The QT

Friday 19 July 2024

Tyne travel unearths ancient secrets

When in Rome — uncover the secrets of centuries and North East experts did just that as Tony Henderson discovers, with some of their work now on show at the Great North Museum: Hancock
Rome Transformed at the Great North Museum: Hancock

A Tyneside-led project has investigated how 170 acres of Rome “jam packed” with archaeology repeatedly changed across eight centuries. 

An international team of archaeologists, led by Newcastle University and working with a mix of experts from different disciplines, has meticulously studied the transformation of an area in southeast Rome, near the Coliseum.

Newcastle University professor of archaeology Ian Haynes, principal investigator of the Rome Transformed project, was awarded European Research Council funding to launch the five-year venture which is now nearing its end. 

Professor Ian Haynes from Newcastle University has led the project

In a project involving survey work of an unprecedented scale and intricacy, the team has explored changes from the time of Augustus, the first Roman Emperor, to the year 800, when a very different ruler, Charlemagne, arrived in Rome for his coronation by the Pope as Holy Roman Emperor.

The project employed cutting-edge technologies, including lightweight drone imaging, laser scanning, exploration of underground spaces and the biggest use of geophysical surveying ever carried out in Rome.

It has probed into how the area moved from being luxury gardens for the rich to military bases to the site of the first cathedral in the world, from the houses of elite families, through successive imperial palaces to the seat of papal rule.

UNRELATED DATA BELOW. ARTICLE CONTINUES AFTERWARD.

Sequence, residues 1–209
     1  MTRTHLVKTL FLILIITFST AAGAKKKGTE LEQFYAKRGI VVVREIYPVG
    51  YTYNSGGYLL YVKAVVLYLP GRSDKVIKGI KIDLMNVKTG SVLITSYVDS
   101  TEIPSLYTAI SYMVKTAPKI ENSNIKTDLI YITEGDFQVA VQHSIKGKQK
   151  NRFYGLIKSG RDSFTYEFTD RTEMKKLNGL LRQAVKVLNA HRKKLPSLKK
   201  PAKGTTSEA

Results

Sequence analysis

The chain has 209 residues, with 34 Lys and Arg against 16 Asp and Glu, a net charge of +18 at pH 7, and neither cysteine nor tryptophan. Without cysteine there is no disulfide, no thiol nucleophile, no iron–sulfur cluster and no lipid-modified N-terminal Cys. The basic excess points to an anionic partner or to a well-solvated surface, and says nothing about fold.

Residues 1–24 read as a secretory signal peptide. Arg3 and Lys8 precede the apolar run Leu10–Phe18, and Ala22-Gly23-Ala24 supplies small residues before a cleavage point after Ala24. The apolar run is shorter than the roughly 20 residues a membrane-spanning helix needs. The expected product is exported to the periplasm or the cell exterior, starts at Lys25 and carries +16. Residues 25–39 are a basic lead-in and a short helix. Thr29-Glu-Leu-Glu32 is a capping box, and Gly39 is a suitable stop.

It has plotted how history has been driven by major shifts in politics, armies, and religion, exploring how Rome grew and presenting ways of investigating ancient cities.

The project has also resulted in the creation of 3D visualisations of how buildings and the landscape in the survey area looked as the centuries passed.

Now these have gone on show at an exhibition in the Great North Museum:Hancock in Newcastle. Rome Transformed runs until September 1 and entry is free.

Visualisation of one of the grand buildings which once stood on the survey site

Prof Haynes, who also holds the chair of archaeology at the British School in Rome – the UK’s largest overseas research institution – said: “It is a real pleasure to be able to present our team’s research at the Great North Museum: Hancock. We hope visitors will find the combination of technology and adventure enjoyable.

“Team members worked on many extraordinary sites, sometimes deep beneath the ground, and sometimes drone-aided far above the modern streets. Taken together, we aim to offer a unique new perspective on an amazing city.

“The survey area starts with the luxury gardens and ends up as being one of the most important places in the Western world.  

“This was a crucial time when the Western world was in some ways being formed. It was a time of massive transformation and shaped ideas that have applications with today. 

“It has been an amazing project to make sense of this well preserved, big puzzle.”

Dave Heslop and Ian Haynes explore the remains of Roman barracks beneath the Basilica – The Pope’s Cathedral. Credit: Denise Heslop

In voids deep underground, features such as painted walls and mosaics survive but are closed to the public and to the air.  

“It is the pulling together of a detailed examination of what is above and below ground, of how buildings and the landscape looked at times of repeated transformation.”

Malavika Anderson, Great North Museum: Hancock manager, said: We are delighted to be presenting this innovative experience at the Great North Museum: Hancock in collaboration with archaeologists at Newcastle University. 

“The visual history of Rome has always been a captivating topic and the insights that new technology and research can offer us are truly exceptional. We hope audiences enjoy themselves in this hidden world of ancient Rome and learn more about the transformations of this extraordinary city.” 

For more information about the Rome Transformed exhibition, visit the Great North Museum: Hancock website.


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